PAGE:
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    A boy walks up stairs on his way to school in Frankfurt, Germany, Tuesday, March 14, 2017

    'Part of Education Misery in Germany is Related to the Migration Issue' - Prof

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    German schools have been underfunded by 48 billion euros despite budget surpluses. This is what local media outlets have reported, citing recent findings from Germany's state-owned KfW development bank. According to reports, the larger the municipality is, the larger is the gap between existing and required funding.

    Sputnik has discussed this with Dr. Menno Aden, Professor of Law at the University of Applied Sciences in Essen.

    Sputnik: Can you tell us about the situation with schools being underfunded according to this most recent report?

    Dr. Menno Aden: The leading German newspaper, Frankfurter Allgemeine, reports that €48 billion are needed for the reconstruction of our schools. Several German statistical offices report a number of 11 million pupils for the school year of 2017-2018. So this would amount to €4,000 for each pupil.

    So it is easy to be seen that this figure must be somehow politically motivated; the background of all this play with numbers is that Germany is currently doing very well financially. I feel that it must be taken into account that these figures are also politically motivated, but apart from this, the following can be said: I'm a member of the City Council of Essen and we have recently taken an initiative here to improve the school toilets. The toilets are in a very, very deplorable condition; in a condition which you would not expect in our country. So something has to be done.

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    Sputnik: What are the facts behind that?

    Dr. Menno Aden: Well, when I said politically motivated, it means if you have a pot of money everybody wants to get a share of it. So I feel that, irrespective of the basic needs which are there, everybody seems to be getting greedy and saying this is the time where we could ask for more. The problem is that Germany does not have many resources. All important mineral and natural resources are outside the German borders. The only thing we have is education. If we let our educational system degenerate, as it has done for decades, Germany will lose its economic strength. The only chance for Germany seems to be that other states are even more careless in their educational system and policies than we are.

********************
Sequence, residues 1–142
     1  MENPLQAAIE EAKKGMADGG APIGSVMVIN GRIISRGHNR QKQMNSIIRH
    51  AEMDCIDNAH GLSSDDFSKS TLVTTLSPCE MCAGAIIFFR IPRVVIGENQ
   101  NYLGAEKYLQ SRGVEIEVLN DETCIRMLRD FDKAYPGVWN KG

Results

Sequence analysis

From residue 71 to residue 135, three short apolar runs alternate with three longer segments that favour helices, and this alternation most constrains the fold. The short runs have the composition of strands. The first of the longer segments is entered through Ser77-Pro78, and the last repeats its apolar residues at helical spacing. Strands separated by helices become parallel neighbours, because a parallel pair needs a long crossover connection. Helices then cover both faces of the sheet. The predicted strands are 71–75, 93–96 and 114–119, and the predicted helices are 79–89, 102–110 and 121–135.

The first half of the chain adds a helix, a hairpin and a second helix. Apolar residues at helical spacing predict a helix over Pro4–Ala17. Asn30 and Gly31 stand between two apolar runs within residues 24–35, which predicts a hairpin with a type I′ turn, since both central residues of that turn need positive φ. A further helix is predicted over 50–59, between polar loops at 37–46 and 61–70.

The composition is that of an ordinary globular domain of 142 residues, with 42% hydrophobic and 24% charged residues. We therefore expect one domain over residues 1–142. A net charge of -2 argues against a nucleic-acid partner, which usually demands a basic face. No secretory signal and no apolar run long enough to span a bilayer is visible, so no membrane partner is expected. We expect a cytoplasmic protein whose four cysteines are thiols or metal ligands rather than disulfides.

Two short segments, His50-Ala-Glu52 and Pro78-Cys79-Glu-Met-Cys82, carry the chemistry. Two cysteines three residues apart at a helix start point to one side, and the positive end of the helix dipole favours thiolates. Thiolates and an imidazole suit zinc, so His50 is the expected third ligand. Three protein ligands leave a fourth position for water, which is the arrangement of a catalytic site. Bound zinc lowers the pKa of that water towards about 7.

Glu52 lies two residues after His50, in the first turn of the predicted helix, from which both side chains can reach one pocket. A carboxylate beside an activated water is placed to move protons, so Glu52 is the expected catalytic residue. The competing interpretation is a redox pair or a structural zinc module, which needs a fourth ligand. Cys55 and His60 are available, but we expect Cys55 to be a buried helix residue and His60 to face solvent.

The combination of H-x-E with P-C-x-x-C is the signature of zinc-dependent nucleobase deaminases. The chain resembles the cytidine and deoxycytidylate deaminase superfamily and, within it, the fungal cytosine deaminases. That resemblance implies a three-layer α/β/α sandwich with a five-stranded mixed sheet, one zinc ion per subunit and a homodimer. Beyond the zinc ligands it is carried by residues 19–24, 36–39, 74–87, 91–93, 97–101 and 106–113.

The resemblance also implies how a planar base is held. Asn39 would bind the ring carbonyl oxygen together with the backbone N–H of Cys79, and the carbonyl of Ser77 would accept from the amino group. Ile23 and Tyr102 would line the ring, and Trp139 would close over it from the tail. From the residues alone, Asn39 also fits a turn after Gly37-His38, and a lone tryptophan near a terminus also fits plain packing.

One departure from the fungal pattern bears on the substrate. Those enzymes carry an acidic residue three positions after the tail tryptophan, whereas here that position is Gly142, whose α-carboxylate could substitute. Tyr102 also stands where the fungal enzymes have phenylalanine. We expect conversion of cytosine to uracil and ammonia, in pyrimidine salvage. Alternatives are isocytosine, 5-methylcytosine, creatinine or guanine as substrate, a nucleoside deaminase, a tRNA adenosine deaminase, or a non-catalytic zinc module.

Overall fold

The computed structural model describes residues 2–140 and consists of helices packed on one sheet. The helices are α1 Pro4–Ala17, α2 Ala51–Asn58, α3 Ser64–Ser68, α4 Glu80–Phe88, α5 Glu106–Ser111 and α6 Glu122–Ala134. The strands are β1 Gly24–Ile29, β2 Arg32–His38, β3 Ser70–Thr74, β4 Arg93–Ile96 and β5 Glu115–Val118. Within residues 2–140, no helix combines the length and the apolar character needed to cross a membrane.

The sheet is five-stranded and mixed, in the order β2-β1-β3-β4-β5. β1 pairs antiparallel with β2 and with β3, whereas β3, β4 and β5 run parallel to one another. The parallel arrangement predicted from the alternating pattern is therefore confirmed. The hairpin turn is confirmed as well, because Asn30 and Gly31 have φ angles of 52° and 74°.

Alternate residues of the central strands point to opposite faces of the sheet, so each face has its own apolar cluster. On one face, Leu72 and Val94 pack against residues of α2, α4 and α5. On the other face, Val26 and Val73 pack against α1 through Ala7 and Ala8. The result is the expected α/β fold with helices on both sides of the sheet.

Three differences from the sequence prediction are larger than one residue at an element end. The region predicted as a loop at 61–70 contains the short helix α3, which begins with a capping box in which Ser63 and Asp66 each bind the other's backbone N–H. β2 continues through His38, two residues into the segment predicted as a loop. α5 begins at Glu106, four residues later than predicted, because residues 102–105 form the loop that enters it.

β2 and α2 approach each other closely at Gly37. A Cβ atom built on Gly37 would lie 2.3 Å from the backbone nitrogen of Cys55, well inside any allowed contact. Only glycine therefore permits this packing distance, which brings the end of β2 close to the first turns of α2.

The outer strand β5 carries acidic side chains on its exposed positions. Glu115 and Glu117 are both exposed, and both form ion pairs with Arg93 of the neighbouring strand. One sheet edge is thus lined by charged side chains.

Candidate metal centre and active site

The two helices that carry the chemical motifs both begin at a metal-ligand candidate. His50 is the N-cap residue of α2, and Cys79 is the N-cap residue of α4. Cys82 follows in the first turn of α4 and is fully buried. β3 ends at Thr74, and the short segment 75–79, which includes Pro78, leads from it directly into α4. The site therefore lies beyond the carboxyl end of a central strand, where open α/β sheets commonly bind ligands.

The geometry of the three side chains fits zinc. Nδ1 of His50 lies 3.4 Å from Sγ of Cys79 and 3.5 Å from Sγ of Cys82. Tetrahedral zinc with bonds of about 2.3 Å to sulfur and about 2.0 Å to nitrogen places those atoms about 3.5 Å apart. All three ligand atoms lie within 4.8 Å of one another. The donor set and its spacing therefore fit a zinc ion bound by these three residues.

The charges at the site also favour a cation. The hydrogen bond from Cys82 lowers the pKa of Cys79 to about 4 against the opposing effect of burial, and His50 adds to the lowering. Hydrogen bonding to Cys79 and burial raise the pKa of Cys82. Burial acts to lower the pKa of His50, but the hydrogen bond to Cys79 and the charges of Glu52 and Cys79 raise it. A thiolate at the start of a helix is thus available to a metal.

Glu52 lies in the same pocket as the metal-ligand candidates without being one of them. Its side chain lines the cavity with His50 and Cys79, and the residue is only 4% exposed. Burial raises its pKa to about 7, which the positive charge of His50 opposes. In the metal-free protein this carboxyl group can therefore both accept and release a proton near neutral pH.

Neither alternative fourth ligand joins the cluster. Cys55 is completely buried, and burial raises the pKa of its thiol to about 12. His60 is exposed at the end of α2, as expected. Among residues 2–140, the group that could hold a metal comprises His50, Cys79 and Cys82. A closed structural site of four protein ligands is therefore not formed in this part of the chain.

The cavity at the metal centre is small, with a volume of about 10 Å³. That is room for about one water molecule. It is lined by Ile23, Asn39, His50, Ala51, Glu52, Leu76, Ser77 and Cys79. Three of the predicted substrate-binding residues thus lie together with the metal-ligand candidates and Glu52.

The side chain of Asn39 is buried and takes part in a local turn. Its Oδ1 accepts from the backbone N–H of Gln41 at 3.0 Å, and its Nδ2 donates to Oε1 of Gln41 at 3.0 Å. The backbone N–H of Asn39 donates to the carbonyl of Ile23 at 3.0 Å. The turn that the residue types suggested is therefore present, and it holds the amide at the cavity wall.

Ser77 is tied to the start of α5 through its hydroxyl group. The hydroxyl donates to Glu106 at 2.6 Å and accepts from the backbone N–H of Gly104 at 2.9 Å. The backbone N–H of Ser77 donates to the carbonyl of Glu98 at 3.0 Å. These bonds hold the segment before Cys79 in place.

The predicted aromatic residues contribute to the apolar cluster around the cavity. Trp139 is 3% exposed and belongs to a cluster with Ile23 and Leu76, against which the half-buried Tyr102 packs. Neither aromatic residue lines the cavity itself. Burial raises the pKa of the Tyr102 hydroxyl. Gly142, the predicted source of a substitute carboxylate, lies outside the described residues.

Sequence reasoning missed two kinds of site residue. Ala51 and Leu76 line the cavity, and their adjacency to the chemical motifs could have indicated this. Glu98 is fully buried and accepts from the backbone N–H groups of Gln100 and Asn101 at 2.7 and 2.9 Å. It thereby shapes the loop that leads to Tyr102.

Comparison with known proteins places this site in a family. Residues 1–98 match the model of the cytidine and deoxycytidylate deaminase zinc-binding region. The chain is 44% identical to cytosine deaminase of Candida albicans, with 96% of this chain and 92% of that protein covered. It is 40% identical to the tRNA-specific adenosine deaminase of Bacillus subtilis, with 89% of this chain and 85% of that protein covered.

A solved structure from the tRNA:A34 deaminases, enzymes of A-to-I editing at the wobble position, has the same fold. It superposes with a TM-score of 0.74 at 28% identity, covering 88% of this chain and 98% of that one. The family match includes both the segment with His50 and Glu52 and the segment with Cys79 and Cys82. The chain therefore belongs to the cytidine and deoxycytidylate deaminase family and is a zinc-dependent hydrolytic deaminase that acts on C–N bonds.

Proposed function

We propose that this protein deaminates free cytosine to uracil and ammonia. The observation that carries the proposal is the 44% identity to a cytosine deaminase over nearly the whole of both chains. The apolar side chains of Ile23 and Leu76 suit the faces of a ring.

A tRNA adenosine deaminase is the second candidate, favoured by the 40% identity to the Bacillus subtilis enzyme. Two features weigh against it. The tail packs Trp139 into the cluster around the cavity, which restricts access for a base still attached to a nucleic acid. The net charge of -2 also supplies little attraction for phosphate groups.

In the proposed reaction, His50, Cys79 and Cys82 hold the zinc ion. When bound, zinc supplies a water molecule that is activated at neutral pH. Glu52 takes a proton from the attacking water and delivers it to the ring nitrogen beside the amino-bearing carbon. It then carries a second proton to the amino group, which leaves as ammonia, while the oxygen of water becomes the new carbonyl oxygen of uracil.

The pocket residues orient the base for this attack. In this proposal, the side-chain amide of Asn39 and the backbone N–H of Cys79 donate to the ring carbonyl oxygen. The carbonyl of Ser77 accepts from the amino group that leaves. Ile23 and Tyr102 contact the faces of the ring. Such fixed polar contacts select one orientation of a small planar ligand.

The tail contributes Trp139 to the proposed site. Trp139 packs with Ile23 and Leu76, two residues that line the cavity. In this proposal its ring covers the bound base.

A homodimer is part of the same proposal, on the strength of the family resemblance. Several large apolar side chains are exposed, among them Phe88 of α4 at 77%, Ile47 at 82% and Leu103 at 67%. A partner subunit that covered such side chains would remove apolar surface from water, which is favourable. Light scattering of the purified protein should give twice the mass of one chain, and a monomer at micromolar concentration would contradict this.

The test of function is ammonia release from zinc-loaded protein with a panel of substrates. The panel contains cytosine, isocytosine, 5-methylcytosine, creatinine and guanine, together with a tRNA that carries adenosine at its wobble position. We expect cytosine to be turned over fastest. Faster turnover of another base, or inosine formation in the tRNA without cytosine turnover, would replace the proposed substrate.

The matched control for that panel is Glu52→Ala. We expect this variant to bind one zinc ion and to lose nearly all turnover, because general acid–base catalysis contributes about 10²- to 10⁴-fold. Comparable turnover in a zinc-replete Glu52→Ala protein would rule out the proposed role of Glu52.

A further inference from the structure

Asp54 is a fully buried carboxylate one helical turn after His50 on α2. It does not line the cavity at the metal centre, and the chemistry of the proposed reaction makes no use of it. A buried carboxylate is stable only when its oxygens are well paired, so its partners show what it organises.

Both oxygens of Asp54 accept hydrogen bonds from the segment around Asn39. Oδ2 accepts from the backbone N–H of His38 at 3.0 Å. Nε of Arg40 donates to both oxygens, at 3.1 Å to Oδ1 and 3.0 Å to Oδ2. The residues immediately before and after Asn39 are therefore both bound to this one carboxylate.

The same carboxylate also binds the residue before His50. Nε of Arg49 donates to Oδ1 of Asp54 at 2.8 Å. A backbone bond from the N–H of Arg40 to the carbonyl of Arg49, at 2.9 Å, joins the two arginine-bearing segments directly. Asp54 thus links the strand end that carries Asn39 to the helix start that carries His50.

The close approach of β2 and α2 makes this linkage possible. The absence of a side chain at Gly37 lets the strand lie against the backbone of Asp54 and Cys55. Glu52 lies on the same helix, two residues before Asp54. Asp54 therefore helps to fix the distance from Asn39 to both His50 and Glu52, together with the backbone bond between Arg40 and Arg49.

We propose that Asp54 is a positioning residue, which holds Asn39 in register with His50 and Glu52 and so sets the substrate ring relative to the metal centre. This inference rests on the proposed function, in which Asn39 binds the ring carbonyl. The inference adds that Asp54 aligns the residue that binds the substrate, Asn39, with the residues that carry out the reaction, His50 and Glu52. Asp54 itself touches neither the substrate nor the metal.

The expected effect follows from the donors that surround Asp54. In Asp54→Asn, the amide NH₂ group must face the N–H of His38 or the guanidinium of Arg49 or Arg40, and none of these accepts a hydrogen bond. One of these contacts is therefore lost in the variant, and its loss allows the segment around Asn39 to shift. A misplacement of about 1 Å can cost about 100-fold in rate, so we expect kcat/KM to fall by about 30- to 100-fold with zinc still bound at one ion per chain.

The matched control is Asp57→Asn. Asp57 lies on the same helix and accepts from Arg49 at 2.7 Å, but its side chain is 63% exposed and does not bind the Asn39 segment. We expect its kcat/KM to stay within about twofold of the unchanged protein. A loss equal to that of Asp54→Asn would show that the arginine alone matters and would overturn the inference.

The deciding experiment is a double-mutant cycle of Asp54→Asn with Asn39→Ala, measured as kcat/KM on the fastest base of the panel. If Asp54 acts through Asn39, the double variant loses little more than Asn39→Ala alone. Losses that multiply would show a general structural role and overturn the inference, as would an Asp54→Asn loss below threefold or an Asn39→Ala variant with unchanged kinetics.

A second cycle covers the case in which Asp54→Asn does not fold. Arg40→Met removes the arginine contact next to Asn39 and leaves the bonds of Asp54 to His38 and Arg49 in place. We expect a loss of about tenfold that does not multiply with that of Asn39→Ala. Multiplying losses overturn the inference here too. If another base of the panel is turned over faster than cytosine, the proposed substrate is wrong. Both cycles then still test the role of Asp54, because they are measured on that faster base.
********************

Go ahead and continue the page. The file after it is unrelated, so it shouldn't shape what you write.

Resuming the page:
Sputnik: So can you tell us please what you feel are the main reasons that schools are underfunded despite budget surpluses?

    Dr. Menno Aden: Obviously, we have rested on our past successes. The German revival after the Second World War was done by people who had a solid education, for which Germany was also famous. At that time we still had teachers and professors who had enjoyed a solid education and had a sound sense of work ethic. I'm afraid this has gone down a little bit. The political struggle for the distribution of money, which can never satisfy all needs, modem politicians care for their voters and not so much for the future of the people and the state, rarely look beyond the next election date.

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    Sputnik: How currently is the budget distribution to educational institutions regulated in Germany?

    Dr. Menno Aden: Schools and universities, and educational institutions basically are the responsibility of our provinces. This means the federal states. The federal government has only a few educational institutions, although they finance ten projects in universities, but these are project financing, not the universities and institutions as such. To put it bluntly, federal states with rightist, conservative governments are doing well. Federal states in Germany with a left orientated provincial government are constantly falling back despite all the money they get. So money is not the only question, not the only problem, it is a little bit of a political question of what do we want to achieve.

    Sputnik: It's actually been noted by some experts that the budget compilation may be a linked to migrant integration programs in the country, what are your thoughts on that?

    Dr. Menno Aden: Not maybe. It is obvious that part of our government's education misery is related to the fact of migration. In my city of Essen, and this is not the only case, there are school classes with 90% of children of non-German-speaking families. These people, these children are not able to keep up with the normal standards in other schools in Germany and so these are falling back. Now, for political reasons, this has been camouflaged for many years.

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    The views and opinions expressed by Dr. Menno Aden are those of the speaker and do not necessarily reflect those of Sputnik.

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    migration, education, Germany
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